Perform all of them five days per week, Monday through Friday. Do only one work set of five per exercise. It will feel very odd to wrap up a workout when you still feel so good, but that is the way neural training is. Steve Justa, a supremely strong and muscular man, once said, "You should feel stronger at the end of every workout."

The weight is ideal if you have managed it with a couple of reps to spare. To establish that perfect poundage start every workout with a couple of lighter singles.

For instance, yesterday you squatted 300x5 and felt that you could have done 300x7. Today squat 225x1, 255x1 and 275x1. The feel of 275 should tell you whether you should stay with 300, go up, or go down. And don't sweat it too hard if you do not hit it right, occasional easier and harder sets will do you good by introducing more variety.

The usual 5x5x5 pattern is a very strong start on Monday, a PR on Tuesday, Wednesday could go either way. Thursday and Friday are downhill as fatigue builds up. By Monday you will be rested and ready to smash new records.

After five weeks, test your maxes and switch to a different type of routine. You will be strong, confident, and raring to pump and burn. You may never admit it in public, but you know that the number one reason you are bodybuilding is to improve your self-esteem. Face the music: no amount of meat will give you true confidence.

The following Internet post caught my eye: "I've found something remarkable about my [strength] training. I'm a lot more confident than I was as [just] a bodybuilder. When all I cared about was getting my muscles bigger and bigger, I still had horrible self-esteem problems. With strength training I feel myself getting stronger, and it's had a profound impact on how I see myself." Strength gives confidence that does not go away when your muscles shrink after a missed meal.


Mind Over Matter

Basically Mother Nature’s version of Adderall. This triple mushroom blend naturally reduces anxiety, brain fog, and overall stress. Stay cognitively sharp all day everyday, and keep your Mind Over Matter.

Mind Over Matter is a mix of non-psychedelic mushrooms that support better brain health and cognitive function. This super mushroom blend improves concentration and naturally treats anxiety, brain fog, and overall stress. It's not caffeinated and is a great blend to add to your favorite drink or combine with other blends.

Thanks to its triple mushroom composition of Reishi, Lion’s Mane, and Chaga, Mind Over Matter is your newest (and natural) energy boost. Lion’s Mane naturally boosts energy and increases cognitive function, while Chaga is filled with antioxidants to ward off viruses and reduce inflammation. Otherwise known as the mushroom of immortality, Reishi contains anti-inflammatory properties that supports overall immune health.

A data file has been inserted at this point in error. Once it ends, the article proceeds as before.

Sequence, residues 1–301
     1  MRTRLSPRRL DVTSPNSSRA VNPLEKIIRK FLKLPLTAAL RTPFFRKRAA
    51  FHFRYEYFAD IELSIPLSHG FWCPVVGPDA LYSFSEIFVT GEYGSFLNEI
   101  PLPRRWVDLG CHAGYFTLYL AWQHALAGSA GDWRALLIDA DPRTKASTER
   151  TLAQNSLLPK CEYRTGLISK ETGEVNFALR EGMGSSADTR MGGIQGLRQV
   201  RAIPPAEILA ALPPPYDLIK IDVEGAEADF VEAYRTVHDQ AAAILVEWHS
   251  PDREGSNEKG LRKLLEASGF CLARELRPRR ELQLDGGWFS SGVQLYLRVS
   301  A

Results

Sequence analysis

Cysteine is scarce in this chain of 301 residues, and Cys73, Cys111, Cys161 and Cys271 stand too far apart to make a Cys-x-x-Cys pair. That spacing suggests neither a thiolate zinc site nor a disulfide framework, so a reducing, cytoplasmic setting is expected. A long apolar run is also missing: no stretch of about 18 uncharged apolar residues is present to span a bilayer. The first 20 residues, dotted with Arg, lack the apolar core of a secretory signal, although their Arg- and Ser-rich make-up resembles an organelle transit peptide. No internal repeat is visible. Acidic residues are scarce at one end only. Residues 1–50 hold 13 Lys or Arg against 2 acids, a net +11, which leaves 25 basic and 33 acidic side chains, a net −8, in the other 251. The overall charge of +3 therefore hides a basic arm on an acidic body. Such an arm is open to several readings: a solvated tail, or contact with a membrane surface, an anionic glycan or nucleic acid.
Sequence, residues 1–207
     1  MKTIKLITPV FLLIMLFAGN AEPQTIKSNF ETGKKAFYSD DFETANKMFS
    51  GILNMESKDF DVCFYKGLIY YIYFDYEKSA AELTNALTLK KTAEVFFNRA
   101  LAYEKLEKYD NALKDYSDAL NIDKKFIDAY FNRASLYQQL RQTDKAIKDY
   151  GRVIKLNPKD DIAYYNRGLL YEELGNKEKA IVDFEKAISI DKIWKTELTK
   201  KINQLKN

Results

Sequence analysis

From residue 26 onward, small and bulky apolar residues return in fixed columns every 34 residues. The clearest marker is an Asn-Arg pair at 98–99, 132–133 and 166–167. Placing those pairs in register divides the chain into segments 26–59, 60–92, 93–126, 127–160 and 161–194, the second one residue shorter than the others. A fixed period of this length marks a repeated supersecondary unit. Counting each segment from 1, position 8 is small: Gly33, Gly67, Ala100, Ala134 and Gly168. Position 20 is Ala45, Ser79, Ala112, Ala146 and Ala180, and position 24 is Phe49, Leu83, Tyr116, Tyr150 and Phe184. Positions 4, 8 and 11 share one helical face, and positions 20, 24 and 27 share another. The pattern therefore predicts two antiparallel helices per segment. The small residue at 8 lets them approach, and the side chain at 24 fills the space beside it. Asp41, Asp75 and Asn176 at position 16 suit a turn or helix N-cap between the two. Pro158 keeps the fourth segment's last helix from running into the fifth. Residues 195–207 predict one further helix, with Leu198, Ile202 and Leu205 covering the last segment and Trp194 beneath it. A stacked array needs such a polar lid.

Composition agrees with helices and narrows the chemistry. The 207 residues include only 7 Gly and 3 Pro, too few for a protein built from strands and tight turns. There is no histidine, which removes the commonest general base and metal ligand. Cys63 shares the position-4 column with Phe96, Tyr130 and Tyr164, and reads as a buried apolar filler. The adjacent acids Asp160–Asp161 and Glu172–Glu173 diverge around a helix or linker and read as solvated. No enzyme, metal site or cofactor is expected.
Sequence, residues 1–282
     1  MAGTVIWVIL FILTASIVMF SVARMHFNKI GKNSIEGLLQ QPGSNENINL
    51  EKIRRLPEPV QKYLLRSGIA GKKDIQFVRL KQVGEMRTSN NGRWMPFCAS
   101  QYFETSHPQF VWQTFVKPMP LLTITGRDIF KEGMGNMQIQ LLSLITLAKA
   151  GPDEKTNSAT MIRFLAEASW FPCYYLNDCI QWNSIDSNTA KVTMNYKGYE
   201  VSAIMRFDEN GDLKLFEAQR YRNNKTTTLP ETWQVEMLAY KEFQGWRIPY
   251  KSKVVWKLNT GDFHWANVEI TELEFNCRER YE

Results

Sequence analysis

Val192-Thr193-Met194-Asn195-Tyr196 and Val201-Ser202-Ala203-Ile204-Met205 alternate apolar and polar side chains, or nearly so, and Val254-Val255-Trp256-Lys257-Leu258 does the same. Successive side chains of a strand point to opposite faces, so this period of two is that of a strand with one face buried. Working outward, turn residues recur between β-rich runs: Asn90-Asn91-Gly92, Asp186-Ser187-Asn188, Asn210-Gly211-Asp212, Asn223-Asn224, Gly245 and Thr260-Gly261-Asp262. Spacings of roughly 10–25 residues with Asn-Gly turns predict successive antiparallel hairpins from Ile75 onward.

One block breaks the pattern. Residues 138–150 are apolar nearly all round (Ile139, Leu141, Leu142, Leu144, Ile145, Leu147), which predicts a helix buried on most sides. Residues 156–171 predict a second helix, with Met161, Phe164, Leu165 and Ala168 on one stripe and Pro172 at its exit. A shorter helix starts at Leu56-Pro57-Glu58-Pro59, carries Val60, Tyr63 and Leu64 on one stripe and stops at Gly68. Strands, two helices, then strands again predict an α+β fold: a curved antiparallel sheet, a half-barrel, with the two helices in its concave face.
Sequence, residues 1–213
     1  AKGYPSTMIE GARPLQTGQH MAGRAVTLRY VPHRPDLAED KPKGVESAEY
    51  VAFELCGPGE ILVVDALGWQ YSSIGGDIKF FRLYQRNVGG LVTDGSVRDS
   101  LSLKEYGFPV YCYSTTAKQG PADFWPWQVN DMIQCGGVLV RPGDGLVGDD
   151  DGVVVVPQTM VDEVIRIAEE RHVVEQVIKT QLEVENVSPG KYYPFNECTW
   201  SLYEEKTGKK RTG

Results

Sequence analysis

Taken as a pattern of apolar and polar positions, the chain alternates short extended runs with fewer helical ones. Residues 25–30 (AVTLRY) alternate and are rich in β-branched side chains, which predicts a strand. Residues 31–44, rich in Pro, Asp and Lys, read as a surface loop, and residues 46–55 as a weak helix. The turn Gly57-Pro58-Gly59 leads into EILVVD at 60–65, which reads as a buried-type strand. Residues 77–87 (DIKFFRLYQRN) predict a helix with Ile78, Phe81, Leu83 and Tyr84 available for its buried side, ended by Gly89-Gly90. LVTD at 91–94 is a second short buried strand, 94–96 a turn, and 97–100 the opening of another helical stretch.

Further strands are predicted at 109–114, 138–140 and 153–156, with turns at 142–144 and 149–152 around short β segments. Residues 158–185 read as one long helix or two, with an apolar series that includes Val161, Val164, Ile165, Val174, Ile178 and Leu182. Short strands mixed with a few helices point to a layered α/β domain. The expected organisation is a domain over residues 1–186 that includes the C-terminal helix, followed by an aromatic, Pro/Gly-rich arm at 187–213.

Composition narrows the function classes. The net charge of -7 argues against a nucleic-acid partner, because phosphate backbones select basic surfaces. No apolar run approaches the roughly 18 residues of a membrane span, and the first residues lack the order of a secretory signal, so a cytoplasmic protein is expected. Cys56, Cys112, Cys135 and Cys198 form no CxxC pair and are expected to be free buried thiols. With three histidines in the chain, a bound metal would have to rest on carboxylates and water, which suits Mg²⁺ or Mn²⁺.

This mushroom-forward blend has a naturally earthy and savory flavor. It incorporates seamlessly into coffee. In a latte sans coffee, a touch of sweetener can balance the savory flavor.

Coffee, maple syrup and chai spices.

Chill The F* Out, Seal The Deal or Cordyceps.

Brain Boosting Elixir: Add 1 tsp to plant-based milk or to your tea, for a boost in cognitive function and concentration. Optional: 1 tsp of sweetener.

Brain Boosting Smoothie: Add 1-2 tsp into your blender with 1 cup of blueberries, ½ cup of strawberries, 1 frozen banana, a handful of greens, and a cup of almond milk. Blend and get focused.


Top 10 energy foods

With a proliferation of processed and junk foods, it has become common to feel deprived of energy in spite of having regular meals. Much of the so-called modern diet is loaded with toxic preservatives, excess sugar/salt and a variety of other stuff that harm more than help. Here we list 10 energy foods that, if included in your regular diet, will help you stay full of vitality.

1. Oats

Half a cup of oats provides 15g of carbohydrates. Being complex carbohydrates, oats break down into glucose gradually releasing energy over time. Oats are also a good source of fibre [approximately 4g per half cup serving].

Fibre creates bulk in your stomach, which helps keep you satiated and full. Cook 30g raw oats in approximately 200ml fat-free or low fat milk for a power-packed start to your day.

2. Lentils

This group includes all dals [moong, masoor, toor] and beans [rajma, chole, black-eyed peas]. Lentils are a good combination of carbohydrates, which provide energy for your brain, and protein, needed to build muscles. Approximately one cup [200g] provides almost 40 per cent daily recommended intake of iron.

Lentils also are high in fibre that keeps you feeling full and does not allow blood sugar levels to spike to high levels. Give your lunch salad a boost by adding a cup of cooked red kidney beans [rajma] or garbanzo beans [chole] to it!